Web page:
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Sunday, 22 September 2019

Rambo author draws first blood against Stallone movie

Author David Morrell, creator of Rambo, has come out  against the latest movie in the franchise, Rambo Last Blood.

 'I felt degraded and dehumanized after I left the theater. In 2016 Sly and I had numerous lengthy telephone conversations about creating what he described as a “soulful” Rambo. Then he stopped communicating with me. One element of our conversations is in the new film (the search for the missing child as an example of the family he never had), but instead of being soulful, this new movie lacks one. I felt I was less a human being for having seen it, and today that’s an unfortunate message.'  Morrell wrote on his Facebook page

The film, the fifth in the franchise, sees Sylvester Stallone's John Rambo in a quest to rescue a girl held captive by a criminal gang in Mexico. And it has left critics perplexed over its depiction of Mexico as a criminal wasteland, however in fairness the Rambo movies have never been meant to be taken seriously and best work if the viewer accepts the gung ho nonsense for what it is.

Morrell and Stallone in better days

'The film is a mess, resembling a 1976 James Mitchum (Robert Mitchum’s son) film called TRACKDOWN, which has almost the same plot, in which a Montana rancher gets even with sex traffickers (in this case in Los Angeles), who have kidnapped a young female relative. That film is typical of ultra-violent 1970s exploitation “grindhouse” films, the technique of which RAMBO: LAST BLOOD resembles. The sets here look cheap. The direction is awkward. The script is filled with explanatory dialogue (“she was like the family I never had” or words to that effect—we get it—explanation not required, and this from an actor/writer who prides himself on communicating visually rather than through unnecessary words). The music has that droning synthetic sound that TV dramas use to support needless, tedious dialogue. The characters are post-it-note caricatures. Rambo could be called John Smith, and the film wouldn’t change. It assumes the audience is familiar with Rambo’s background whereas anyone under 40 will wonder what on earth is going on with those tunnels. From multiple perspective, this film fails miserably. The best I can say is that the first two minutes were promising.' Morrell from his Facebook post.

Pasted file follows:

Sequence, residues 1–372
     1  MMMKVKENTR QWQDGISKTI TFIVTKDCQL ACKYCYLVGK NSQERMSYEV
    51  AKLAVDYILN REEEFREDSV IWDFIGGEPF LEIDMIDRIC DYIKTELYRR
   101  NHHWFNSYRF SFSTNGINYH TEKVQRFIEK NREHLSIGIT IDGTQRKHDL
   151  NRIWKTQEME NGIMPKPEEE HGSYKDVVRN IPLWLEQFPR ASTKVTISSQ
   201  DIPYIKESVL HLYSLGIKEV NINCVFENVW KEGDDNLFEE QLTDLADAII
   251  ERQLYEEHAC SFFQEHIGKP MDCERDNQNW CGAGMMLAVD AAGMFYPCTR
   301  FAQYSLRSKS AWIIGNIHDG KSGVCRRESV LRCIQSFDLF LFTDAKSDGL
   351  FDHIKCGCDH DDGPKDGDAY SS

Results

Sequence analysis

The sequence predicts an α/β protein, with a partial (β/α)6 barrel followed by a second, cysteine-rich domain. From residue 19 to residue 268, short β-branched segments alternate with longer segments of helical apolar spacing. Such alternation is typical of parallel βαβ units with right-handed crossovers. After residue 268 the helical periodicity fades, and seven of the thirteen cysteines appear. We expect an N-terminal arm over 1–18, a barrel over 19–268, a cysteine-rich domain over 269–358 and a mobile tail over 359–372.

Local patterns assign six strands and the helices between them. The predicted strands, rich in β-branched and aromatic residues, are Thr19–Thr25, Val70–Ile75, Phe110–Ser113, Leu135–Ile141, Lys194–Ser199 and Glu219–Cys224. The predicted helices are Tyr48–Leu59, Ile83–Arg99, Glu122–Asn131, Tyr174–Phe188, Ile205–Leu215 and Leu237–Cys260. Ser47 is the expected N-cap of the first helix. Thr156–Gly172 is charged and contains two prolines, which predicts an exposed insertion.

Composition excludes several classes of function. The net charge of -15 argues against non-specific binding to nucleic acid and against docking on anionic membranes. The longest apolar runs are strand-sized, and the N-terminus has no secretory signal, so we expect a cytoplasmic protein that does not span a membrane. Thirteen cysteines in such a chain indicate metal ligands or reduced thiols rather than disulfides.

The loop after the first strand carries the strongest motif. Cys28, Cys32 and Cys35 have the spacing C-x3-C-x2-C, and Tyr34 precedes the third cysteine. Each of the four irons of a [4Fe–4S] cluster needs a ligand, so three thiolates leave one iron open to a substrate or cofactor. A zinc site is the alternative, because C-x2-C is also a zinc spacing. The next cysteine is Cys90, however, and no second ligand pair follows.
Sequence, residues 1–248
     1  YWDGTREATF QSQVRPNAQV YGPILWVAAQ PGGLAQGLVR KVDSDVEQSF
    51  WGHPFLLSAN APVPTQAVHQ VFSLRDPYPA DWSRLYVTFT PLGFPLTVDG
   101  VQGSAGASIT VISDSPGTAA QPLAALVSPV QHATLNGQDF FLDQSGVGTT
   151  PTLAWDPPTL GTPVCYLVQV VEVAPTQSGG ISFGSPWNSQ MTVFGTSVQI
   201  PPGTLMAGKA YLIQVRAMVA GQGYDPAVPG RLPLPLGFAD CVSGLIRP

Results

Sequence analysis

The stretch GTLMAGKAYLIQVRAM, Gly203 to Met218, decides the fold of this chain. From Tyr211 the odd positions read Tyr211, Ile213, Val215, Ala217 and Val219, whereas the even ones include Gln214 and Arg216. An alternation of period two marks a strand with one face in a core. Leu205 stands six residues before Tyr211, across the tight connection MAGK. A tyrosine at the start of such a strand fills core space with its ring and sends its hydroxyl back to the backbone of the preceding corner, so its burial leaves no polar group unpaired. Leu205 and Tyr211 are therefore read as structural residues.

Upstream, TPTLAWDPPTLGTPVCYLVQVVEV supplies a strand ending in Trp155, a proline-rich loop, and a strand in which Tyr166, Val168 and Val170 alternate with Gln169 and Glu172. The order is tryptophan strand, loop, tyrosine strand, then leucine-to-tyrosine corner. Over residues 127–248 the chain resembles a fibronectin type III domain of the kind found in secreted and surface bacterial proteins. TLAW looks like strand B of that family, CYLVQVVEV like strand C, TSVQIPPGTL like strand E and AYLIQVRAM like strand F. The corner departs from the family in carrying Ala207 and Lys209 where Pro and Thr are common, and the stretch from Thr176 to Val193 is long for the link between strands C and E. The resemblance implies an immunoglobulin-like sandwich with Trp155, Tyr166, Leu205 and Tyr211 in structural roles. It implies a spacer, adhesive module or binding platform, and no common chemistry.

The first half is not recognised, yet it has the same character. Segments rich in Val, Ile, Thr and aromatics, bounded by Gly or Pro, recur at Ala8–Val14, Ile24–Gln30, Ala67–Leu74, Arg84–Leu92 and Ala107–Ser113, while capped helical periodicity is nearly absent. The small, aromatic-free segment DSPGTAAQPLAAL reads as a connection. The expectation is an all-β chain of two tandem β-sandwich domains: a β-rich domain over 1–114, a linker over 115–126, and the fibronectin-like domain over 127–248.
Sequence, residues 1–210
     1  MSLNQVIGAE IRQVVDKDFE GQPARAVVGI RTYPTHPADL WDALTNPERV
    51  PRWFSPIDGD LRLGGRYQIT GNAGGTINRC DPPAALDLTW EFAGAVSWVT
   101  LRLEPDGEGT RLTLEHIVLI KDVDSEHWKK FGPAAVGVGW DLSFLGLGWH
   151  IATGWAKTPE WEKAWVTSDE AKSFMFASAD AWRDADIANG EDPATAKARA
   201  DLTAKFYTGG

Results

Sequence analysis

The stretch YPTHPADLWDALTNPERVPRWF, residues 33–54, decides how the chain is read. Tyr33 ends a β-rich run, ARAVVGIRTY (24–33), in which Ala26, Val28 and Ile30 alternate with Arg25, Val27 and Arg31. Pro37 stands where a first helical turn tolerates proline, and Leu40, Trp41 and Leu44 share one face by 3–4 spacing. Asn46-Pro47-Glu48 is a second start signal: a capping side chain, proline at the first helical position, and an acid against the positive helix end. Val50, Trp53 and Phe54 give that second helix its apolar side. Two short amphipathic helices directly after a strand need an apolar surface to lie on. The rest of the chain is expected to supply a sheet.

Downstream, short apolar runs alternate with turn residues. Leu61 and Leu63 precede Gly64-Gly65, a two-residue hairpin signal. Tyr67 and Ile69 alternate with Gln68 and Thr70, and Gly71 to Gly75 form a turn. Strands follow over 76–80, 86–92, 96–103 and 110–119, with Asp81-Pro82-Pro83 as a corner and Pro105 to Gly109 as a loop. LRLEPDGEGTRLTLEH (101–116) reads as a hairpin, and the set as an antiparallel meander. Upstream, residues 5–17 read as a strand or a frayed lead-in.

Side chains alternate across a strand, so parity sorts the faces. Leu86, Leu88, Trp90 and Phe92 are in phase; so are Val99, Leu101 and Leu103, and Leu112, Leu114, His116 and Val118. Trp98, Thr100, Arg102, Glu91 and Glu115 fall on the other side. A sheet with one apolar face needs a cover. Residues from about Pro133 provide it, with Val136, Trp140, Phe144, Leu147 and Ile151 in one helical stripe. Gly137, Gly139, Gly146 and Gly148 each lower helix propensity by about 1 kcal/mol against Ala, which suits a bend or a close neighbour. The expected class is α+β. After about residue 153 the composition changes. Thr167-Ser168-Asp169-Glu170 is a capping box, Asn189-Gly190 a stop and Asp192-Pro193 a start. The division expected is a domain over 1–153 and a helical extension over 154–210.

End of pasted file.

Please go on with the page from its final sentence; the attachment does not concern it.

The critics have been no kinder and have called the direction, lethargic and the acting and writing, risible. Empire Magazine claimed that fans should put their headbands to half mast and remember better days, because this new Rambo is a damp squib, while The Observer dismissed the film, claimit it was  nothing but cheap and nasty carnage.

The press have made much out of the original author's dislike for the film with the New York Times claiming that Morrell is ashamed to be associated with Stallone's take on the character, though in truth the author actually said that he was embarrassed to have his name associated with the movie rather than Stallone himself.

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